FANDOM


Kinka ROMs front

Pippin ROM versions 1.3 (from a KMP 2000, top) and 1.2 (from a late-model Atmark)

Pippin ROMs (read-only memory) contained the BIOS firmware for Pippin consoles, based on a specialized version of Apple Computer's Macintosh Toolbox API.[1]

HardwareEdit

The firmware is stored on 4MB of ROM chips, which are mounted on a small 120-pin board that plugs into a slot on the Pippin motherboard. These are interchangeable between developer and production units. The earliest board designs used flash memory,[2] which were reprogrammable, but ran 1.5 times slower and used 250KB more RAM than their permanent counterparts.[3]

ContentsEdit

The software contents of the ROM chips are based on the Open Firmware standard. The first 3MB contain the Macintosh Toolbox, mostly coded for Motorola 68K processors and accessed from the ROM instead of the boot drive in Apple's "Old World" model. The following resource-based drivers are contained within the Toolbox:[4]

Driver Type Processor Purpose
.AppleCD DRVR 68K
.AppleSoundInput DRVR 68K
.DAVInput ndrv PowerPC
.Display_Video_Apple_Control ndrv PowerPC  "Taos" graphics hardware
.EDisk DRVR 68K
.rdrvr DRVR 68K  internal 128KB flash storage
.Sony DRVR 68K
.Sound DRVR 68K

The last 1MB of the ROM contain a 68LC040 emulator, written by Gary Davidian, along with a dynamic recompiler for the PowerPC processor, written by Eric Traut.[4]

HistoryEdit

Early developer ROMs were unstable and can not launch released retail titles. These were delivered on units with re-programmable flash memory.[5] One revision (possibly from an EVT-1 prototype) contained a mountable MFS disk image named "Disco" and could boot a beta version of Pippin OS 7.5.2a3 with System Enabler 1.0b3.[6][7][8]

Pre-release "Monitor" and revision 1.0 ROM units were identified by a white label with the codename "KINKA".[9] The Pippin platform itself is named after Pippin apples;[10] Hoshi no Kinka is a yellow variety of apple that originates from Aomori, Japan.[11] The Japanese word (金貨) translates to "gold coin" and can also refer to the golden master in software development.

Revision 1.2 ROMs were offered in December 1996 to owners of Japanese Pippin Atmark consoles in exchange for their original 1.0 ROMs to add MO 230 support. American Pippin @WORLD consoles shipped with 1.2 ROMs built in.[9][12] One of the last Software Development Kits to be issued by Apple included the Pippin 1.2 ROM Update as a software extension.[2]

A limited number of Katz Media Player 2000 were released in Europe with 1.3 ROMs that removed the check for authentication of CD-ROMs. However, booting from external drives was not supported.[1][2]

Pre-release versionsEdit

Revision 開発用
"For Development"
"Disco"
(from EVT-1?)
GM Flash
"Golden Master"
モニター用
"For Monitoring"
Board part number AP2660-02 AP2735-01
Number of chips 16* (flash) 8* (WORM)
Chip labeling Intel N28F020-90
or AMD AM28F020-120JC
341S0241 thru 0245, 0247, 0248, 0250
Chip manufacture date (YR/WK) n/a 9510
ROM software date (YR-MM-DD) 1995-10-20[13] 1996-01-28
Major-minor-subrelease ID 077D-2CC3-0001[3] 077D-2CD1-0001 077D-2CC6-0001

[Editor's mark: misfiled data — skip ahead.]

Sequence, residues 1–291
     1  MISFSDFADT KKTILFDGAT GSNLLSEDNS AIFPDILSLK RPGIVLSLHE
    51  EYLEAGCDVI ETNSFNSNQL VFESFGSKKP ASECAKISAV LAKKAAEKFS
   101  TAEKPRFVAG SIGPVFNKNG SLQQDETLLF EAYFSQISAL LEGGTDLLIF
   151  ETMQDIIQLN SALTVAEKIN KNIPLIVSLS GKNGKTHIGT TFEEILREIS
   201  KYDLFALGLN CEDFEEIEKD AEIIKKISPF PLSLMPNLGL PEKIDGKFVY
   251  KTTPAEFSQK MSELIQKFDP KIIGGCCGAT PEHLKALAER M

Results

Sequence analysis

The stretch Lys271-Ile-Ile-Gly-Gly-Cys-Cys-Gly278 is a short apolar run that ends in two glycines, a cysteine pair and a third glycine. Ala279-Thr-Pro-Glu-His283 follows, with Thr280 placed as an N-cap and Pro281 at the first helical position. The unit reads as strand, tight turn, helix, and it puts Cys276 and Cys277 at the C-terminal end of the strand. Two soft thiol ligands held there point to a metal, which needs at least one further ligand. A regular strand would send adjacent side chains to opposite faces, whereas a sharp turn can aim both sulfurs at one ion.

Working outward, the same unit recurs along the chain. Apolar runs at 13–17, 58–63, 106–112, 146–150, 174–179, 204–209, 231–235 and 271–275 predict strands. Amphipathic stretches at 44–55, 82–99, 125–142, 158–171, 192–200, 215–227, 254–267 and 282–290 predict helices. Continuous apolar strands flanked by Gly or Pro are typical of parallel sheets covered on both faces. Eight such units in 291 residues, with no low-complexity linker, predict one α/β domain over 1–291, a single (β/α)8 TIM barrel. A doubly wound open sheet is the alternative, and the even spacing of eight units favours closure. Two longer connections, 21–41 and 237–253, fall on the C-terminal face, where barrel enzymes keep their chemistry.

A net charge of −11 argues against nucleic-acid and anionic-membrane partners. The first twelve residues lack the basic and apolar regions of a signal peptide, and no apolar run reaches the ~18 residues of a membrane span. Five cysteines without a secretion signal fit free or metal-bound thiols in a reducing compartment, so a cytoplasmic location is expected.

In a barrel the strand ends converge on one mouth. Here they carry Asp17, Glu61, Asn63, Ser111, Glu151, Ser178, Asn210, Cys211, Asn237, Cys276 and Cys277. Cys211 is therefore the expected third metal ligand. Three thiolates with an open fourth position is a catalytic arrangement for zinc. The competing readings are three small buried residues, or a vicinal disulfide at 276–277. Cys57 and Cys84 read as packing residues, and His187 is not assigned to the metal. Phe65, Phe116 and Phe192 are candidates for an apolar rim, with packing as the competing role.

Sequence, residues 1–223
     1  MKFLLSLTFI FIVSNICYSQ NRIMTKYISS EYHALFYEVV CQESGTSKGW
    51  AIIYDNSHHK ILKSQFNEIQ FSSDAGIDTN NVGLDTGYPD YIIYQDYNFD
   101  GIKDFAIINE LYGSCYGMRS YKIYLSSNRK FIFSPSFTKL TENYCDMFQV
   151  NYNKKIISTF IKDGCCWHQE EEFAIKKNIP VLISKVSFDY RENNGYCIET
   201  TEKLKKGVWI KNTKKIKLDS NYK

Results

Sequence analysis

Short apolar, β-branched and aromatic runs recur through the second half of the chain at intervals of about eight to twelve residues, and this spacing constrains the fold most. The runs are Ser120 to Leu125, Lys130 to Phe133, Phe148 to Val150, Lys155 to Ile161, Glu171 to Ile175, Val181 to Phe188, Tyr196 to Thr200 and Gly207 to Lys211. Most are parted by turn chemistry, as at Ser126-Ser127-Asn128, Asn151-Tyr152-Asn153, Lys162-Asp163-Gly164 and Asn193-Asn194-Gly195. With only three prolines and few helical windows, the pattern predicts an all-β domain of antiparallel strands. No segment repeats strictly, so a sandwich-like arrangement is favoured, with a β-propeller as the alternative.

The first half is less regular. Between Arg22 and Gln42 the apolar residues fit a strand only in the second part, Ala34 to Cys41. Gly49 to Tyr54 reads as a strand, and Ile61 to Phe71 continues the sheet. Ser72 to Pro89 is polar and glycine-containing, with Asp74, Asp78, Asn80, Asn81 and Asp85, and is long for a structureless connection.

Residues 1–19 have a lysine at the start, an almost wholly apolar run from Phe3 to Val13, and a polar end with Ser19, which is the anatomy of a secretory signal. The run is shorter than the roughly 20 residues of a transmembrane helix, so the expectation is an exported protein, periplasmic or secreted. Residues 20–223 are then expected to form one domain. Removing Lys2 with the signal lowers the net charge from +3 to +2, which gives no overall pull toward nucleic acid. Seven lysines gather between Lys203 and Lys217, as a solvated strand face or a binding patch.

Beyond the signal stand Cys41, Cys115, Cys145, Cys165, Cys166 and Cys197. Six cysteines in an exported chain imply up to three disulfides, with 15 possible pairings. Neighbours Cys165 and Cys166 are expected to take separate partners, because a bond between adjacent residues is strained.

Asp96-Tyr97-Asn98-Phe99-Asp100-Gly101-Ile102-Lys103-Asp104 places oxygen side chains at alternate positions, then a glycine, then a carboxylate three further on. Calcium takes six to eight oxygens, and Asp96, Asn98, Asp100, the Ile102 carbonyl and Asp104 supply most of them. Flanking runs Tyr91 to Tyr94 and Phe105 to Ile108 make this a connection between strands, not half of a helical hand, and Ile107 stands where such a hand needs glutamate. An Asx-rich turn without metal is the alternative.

Checksum  ? DEBFDAED 2BF65931
Support FDD Yes Yes Yes
Support HDD Yes Yes   Yes**
Boot from FDD/SCSI Yes Yes Yes
Support Zip 100  ? Yes Yes
Support MO 230  ?  ?  ?
Support PCI expansion dock No  ? No
Check CD-ROM for authentication No No No
Notes Re-programmable; unstable Contains MFS image; can launch Mac OS 7.5.2 beta but not retail CD-ROMs Re-programmable; same contents as "Monitoring" ROMs Only 500 reportedly shipped

Released versionsEdit

Revision Rev. 1.0 Rev. 1.2 (JP) Rev. 1.2 (US) Rev. 1.3
Board part number AP2777-01 820-0867-01 AP2777-01
Number of chips 4 (mask)
Chip labeling 341S0251 thru 0254 341S0297 thru 0300 341S0309 thru 0312 341S0328 thru 0331
Chip manufacture date (YR/WK) 9609 n/a 9633 9706 / 9747
ROM software date (YR-MM-DD) 1996-01-29 1996-06-28[14] 1996-09-20
Major-minor-subrelease ID 077D-2CF2-0001 077D-2CF5-0001 077D-2CF8-0001
Checksum 2BEF21B7 3E10E14C 3E6B3EE4
Support FDD Yes Yes Yes
Support HDD  ? Yes Yes
Boot from FDD/SCSI No No  ?
Support Zip 100 No Yes Yes
Support MO 230 No Yes Yes
Support PCI expansion dock No No Yes
Check CD-ROM for authentication Yes Yes No
Notes Shipped with Atmark (JP) Exchanged for 1.0 ROMs to add MO 230 support (JP) Shipped with @WORLD (US) Shipped with KMP 2000 (EU)

* Chips are mounted on both sides.
** Reports of a Zip drive being required for hard drive support were likely related to SCSI termination issues.[2]

GalleryEdit

ReferencesEdit

  1. 1.0 1.1 Useful Notes / Pippin, TV Tropes.
  2. 2.0 2.1 2.2 2.3 Hacking the Pippin, Vintage Mac World. 2007-10-22. Archived 2017-08-17
  3. 3.0 3.1 Pippin Developer Newsletter No. 5 (Japanese), Atmark Channel. 1996-02-15. Archived 1998-05-08.
  4. 4.0 4.1 Exploring the Pippin ROM(s) by Keith Kaisershot, Blitter.net. 2018-06-07.
  5. I have on loan a *very* early Pippin ROM by Keith Kaisershot, Twitter. 2017-07-25.
  6. お宝Old Mac発見!?〜Pipin@atmark(prototype), Apple Noir (Japanese). 2008-05-18.
  7. "Disco?" Tonight's curious discovery: by Keith Kaisershot, Twitter. 2018-10-17.
  8. Well I certainly didn't expect to see this today. :D by Keith Kaisershot, Twitter. 2018-11-07.
  9. 9.0 9.1 About ROM, Let’s play with PIPPIN (Japanese). Archived 2008-01-16.
  10. Bandai Pippin FAQ, The Mac Geek.
  11. Biotechnology and apple breeding in Japan, Breeding Science. 2016 Jan; 66(1): 18–33.
  12. PEASE Turbo Support Page, Maki Enterprise. Accessed 2017-04-16.
  13. Well, there it is. by Keith Kaisershot, Twitter. 2018-11-07.
  14. Exploring the Pippin ROM(s), part 5: Open Firmware by Keith Kaisershot, Blitter.net. 2018-09-24.

External linksEdit